How to build greater coherence in European cancer research? This is the key question to be debated at a conference today, which brings together around 250 representatives from science, the medical profession, government, patient organisations, foundations, industry and European institutions.
The aim of the conference, jointly organised by the European Commission and the European Parliament, is to kick-off the conception of a joint European strategy for cancer research, rallying all actors concerned to improve the coherence and efficiency of their research activities. The conference coincides with the launch, in November 2002, of the EU’s Sixth Research Framework Programme (2002–2006), which has been designed to better structure and integrate the excellent science that Europe already has.
Opening the conference together with the Parliament’s president Pat Cox and Member of Parliament Wim Van Velzen, EU Research Commissioner Philippe Busquin said: “Cancer kills more than 750.000 people a year. The EU is ready to invest up to € 400 million in cancer research over the next 4 years. But our investments will only bear fruit if researchers and funding agencies from across Europe work together with common goals. We need to innovate in the way we organise research at European level. Only then will we be able to quickly translate the phenomenal advances in science into practical and meaningful early stage diagnosis and therapies for patients.”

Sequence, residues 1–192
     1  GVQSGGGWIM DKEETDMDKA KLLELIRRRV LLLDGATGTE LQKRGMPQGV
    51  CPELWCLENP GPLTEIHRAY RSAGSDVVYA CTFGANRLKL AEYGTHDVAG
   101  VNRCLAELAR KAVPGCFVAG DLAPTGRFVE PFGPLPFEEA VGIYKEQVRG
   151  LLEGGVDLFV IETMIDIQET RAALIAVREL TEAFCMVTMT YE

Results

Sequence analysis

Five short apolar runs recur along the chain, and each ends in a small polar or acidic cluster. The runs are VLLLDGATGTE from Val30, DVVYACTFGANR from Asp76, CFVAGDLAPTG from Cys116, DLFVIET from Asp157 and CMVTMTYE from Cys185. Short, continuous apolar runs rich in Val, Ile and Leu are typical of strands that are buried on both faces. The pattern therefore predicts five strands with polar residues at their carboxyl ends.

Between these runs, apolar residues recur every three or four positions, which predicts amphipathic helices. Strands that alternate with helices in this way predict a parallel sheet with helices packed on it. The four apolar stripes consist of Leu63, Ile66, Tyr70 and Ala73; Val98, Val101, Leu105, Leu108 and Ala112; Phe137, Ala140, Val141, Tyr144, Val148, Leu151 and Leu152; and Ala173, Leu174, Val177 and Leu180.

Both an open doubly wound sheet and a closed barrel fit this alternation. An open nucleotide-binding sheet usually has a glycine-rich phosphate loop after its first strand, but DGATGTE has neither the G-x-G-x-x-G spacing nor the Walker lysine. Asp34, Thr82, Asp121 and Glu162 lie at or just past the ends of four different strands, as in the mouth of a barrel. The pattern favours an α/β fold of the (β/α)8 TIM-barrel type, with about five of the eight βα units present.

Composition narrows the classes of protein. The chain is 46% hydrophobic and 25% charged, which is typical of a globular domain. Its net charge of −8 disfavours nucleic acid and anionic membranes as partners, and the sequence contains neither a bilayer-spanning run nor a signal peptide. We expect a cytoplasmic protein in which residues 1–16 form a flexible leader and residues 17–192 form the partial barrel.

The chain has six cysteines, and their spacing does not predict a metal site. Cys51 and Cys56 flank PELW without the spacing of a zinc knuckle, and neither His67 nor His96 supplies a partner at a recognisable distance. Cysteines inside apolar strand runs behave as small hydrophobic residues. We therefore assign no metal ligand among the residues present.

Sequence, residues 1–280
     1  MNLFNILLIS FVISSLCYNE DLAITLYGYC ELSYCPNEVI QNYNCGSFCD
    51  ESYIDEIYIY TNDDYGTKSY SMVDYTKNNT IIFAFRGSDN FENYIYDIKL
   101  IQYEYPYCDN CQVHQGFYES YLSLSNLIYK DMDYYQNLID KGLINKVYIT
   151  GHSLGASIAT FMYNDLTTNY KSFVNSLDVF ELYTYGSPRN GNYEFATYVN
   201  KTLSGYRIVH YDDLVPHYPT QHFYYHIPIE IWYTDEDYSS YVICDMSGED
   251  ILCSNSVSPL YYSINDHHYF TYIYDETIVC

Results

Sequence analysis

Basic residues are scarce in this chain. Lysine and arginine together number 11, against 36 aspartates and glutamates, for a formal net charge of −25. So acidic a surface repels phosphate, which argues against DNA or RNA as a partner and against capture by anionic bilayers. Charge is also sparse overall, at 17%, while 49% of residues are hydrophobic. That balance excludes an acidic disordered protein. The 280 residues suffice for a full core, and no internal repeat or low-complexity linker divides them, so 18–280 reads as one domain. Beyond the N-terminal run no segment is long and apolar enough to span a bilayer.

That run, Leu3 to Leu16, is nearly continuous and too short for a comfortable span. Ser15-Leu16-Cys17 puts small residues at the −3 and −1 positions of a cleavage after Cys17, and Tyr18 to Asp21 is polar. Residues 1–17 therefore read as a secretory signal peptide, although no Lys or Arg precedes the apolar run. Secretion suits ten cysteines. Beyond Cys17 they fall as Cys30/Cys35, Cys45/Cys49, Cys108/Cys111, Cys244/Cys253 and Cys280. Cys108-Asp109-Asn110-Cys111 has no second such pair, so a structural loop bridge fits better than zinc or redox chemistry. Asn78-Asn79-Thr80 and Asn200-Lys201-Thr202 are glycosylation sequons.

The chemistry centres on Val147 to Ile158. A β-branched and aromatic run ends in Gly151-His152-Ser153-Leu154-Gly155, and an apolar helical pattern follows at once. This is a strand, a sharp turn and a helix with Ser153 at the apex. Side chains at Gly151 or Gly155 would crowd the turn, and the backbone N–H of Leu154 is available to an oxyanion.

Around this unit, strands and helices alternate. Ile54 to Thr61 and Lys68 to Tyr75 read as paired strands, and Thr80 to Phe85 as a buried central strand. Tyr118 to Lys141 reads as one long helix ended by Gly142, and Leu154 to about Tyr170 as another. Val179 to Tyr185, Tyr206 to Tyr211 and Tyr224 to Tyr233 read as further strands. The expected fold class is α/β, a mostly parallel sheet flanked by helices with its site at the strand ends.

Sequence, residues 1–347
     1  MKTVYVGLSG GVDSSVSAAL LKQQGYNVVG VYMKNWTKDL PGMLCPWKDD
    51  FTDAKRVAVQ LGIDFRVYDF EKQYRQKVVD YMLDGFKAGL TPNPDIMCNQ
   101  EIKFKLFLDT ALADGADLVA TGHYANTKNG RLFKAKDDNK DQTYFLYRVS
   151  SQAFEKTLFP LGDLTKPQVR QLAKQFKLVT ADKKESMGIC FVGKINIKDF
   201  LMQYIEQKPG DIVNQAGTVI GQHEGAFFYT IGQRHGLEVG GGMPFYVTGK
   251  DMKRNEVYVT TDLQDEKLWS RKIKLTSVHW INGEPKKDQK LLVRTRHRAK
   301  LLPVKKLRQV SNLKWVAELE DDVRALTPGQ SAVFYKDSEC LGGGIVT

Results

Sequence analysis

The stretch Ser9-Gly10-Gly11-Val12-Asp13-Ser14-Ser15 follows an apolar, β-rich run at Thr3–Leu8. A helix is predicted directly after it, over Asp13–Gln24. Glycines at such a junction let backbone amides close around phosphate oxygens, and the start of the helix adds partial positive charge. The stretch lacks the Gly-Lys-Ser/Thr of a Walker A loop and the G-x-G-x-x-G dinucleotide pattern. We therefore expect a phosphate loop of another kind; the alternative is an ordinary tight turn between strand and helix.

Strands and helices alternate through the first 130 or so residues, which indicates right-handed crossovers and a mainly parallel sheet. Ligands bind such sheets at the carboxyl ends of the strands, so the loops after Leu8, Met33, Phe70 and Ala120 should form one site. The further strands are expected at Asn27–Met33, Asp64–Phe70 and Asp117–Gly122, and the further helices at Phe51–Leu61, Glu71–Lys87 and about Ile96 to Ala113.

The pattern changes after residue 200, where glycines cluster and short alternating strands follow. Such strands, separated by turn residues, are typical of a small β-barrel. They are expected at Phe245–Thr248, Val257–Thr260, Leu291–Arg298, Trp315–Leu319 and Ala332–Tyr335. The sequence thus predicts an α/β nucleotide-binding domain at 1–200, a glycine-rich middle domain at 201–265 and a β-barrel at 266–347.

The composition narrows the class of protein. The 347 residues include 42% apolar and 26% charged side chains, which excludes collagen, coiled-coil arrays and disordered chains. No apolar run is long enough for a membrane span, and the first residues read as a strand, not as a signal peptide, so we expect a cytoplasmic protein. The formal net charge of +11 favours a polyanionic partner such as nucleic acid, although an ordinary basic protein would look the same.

Stéphane Hogan | alfa
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A study led by scientists of the Max Planck Institute for the Structure and Dynamics of Matter (MPSD) at the Center for Free-Electron Laser Science in Hamburg presents evidence of the coexistence of superconductivity and “charge-density-waves” in compounds of the poorly-studied family of bismuthates. This observation opens up new perspectives for a deeper understanding of the phenomenon of high-temperature superconductivity, a topic which is at the core of condensed matter research since more than 30 years. The paper by Nicoletti et al has been published in the PNAS.
Since the beginning of the 20th century, superconductivity had been observed in some metals at temperatures only a few degrees above the absolute zero (minus...
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